Siamese cats/kittens?

Siamese cats/kittens? Topic: homework rescue
July 18, 2019 / By Andrea
Question: Where can you get siamese cats. Are they a good pet to have? How much do they generally cost? I didn't know there were diffrent kinds of siamese cats. what kinds are there? If your refering to short hair or long hair. I perfer short hair. but either is fine
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Best Answers: Siamese cats/kittens?

Westley Westley | 8 days ago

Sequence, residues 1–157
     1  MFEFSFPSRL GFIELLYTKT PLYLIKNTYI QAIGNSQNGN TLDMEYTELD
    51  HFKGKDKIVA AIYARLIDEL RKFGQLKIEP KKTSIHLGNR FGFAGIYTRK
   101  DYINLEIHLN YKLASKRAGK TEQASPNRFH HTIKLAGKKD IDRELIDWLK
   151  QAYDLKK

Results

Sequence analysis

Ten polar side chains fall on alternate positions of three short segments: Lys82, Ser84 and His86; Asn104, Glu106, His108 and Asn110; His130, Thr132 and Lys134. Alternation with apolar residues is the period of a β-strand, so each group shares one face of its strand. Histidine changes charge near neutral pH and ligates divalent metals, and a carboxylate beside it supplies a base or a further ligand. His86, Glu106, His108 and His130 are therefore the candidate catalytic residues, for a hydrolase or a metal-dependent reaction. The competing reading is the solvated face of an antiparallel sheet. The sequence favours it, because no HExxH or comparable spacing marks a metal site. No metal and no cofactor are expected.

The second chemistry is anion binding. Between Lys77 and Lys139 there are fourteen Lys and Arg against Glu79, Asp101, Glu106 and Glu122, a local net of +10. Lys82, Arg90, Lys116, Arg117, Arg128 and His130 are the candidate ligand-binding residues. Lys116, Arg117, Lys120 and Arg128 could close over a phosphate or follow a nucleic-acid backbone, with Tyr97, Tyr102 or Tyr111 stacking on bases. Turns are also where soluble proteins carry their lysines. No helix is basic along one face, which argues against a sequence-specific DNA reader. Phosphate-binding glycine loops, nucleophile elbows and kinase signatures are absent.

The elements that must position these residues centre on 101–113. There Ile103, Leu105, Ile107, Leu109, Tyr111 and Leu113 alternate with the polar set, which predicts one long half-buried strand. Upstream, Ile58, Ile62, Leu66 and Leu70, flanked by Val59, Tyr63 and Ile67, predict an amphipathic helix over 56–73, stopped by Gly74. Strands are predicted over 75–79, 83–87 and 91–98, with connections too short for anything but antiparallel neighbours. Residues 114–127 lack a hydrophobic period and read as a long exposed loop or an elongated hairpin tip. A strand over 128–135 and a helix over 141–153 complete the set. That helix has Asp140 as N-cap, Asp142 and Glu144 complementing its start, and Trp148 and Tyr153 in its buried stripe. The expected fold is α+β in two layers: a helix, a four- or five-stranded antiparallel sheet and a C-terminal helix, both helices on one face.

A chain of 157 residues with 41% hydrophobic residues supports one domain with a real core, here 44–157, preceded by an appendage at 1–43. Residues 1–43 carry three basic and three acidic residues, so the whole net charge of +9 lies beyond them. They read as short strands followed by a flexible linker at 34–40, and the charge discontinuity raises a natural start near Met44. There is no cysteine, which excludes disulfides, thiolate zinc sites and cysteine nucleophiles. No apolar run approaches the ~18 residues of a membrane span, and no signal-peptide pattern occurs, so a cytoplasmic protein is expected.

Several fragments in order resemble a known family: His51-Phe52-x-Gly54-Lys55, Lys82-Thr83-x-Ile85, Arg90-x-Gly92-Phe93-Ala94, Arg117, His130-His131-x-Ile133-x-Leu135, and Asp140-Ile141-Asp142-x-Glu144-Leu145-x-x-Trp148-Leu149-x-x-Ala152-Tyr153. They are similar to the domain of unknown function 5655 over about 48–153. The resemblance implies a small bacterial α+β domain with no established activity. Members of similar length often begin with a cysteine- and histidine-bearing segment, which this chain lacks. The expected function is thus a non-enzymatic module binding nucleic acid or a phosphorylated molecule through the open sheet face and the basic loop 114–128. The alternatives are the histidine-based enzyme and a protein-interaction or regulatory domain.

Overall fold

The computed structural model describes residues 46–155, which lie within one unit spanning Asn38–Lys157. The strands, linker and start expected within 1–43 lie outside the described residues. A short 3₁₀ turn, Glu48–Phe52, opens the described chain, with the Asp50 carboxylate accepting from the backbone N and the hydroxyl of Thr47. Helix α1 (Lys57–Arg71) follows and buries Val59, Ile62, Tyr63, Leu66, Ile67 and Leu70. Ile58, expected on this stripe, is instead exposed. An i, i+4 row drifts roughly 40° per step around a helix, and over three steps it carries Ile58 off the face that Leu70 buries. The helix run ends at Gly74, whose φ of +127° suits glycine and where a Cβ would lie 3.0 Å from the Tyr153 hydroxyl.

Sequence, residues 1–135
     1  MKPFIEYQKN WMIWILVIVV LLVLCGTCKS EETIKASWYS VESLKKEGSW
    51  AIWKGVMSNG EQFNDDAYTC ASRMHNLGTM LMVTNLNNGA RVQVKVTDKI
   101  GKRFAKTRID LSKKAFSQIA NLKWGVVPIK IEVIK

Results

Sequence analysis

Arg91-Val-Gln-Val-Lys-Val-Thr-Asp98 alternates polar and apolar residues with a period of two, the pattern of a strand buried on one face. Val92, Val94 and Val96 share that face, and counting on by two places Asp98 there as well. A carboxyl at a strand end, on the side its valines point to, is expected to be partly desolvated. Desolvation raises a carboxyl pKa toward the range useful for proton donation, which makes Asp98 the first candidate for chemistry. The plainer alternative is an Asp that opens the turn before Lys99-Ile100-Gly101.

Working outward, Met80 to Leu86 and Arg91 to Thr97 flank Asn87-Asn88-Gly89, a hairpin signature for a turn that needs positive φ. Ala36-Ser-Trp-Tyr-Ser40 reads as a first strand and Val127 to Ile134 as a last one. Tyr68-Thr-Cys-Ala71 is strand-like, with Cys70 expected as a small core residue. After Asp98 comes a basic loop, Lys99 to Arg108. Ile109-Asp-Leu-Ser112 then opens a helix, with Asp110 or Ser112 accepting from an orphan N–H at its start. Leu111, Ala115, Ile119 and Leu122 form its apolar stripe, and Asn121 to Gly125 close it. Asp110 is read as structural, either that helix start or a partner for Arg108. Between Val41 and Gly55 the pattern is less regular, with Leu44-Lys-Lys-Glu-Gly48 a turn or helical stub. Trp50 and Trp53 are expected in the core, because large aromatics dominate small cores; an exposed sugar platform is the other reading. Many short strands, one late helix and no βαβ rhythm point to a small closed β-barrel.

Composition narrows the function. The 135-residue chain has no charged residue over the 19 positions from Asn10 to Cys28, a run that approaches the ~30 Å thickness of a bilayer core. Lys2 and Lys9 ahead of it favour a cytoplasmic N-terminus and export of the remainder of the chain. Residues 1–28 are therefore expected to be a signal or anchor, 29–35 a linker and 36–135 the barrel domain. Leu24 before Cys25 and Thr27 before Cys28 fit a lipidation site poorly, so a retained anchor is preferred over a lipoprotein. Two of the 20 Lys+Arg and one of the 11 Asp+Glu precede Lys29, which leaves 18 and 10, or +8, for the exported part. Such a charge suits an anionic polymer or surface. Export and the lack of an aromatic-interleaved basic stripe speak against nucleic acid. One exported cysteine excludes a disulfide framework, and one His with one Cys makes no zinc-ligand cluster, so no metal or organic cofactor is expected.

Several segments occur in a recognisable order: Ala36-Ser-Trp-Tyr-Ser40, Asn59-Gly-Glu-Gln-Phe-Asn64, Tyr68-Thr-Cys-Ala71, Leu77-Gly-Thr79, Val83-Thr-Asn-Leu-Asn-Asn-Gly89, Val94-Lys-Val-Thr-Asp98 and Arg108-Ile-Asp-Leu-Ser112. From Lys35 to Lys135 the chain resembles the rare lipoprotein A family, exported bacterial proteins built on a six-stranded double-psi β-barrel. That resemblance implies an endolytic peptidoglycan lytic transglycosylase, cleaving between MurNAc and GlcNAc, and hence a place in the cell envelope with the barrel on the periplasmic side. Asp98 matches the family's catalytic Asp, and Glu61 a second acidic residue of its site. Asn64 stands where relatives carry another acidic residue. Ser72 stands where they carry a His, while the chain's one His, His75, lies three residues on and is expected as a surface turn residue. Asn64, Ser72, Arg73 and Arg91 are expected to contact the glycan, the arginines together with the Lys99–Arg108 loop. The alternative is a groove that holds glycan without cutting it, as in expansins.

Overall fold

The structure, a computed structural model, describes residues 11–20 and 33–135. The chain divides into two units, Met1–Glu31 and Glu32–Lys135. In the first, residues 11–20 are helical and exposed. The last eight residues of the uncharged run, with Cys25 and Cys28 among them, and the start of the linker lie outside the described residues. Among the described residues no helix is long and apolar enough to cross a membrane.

You can get them the same place that you can get any other cat - a REPUTABLE breeder, a shelter, or a rescue. Please do your homework before adopting one though - Siamese are not the pet for everyone. They are the #2 breed given up to shelters, as they are demanding, clingy, noisy, and active. Those same traits can translate into vocal and extremely bonded with their chosen person(s). They aren't a cat for people who will be leaving them alone for long periods of time, or want a pet that they can pretty much ignore, as Siamese are very needy of attention. So they are a wonderful companion, or a real pain, depending on your point of view. Take a look at Petfinder, and you'll be suprised at the number of Siamese available in your area. And for those of you who say that Siamese kittens don't end up in shelters or rescues, I am fostering one now (for our rescue) who was dropped off at the shelter because he's very Siamese - mouthy, active, and needy. Drove the "owner" crazy, but he's going to make a wonderful kitten for the right person. Avoid the "back yard breeders" that you see advertising kittens in the paper for $50-100. You will get a barely socialized kitten and one that comes without vaccines, or a health guarantee, and the potential for bred-in health problems. Pet-quality kittens from reputable, ethical breeders generally cost $250 and up, but they come with health guarantees. The other option is to get a retired breeder or show cat from a breeder, and these are often real bargains as the breeder wants the cat to go to a good home, and they are available generally for the cost of getting them spayed. Check out the web sites for the two big cat registry associations -CFA and TICA - to find breeders near you.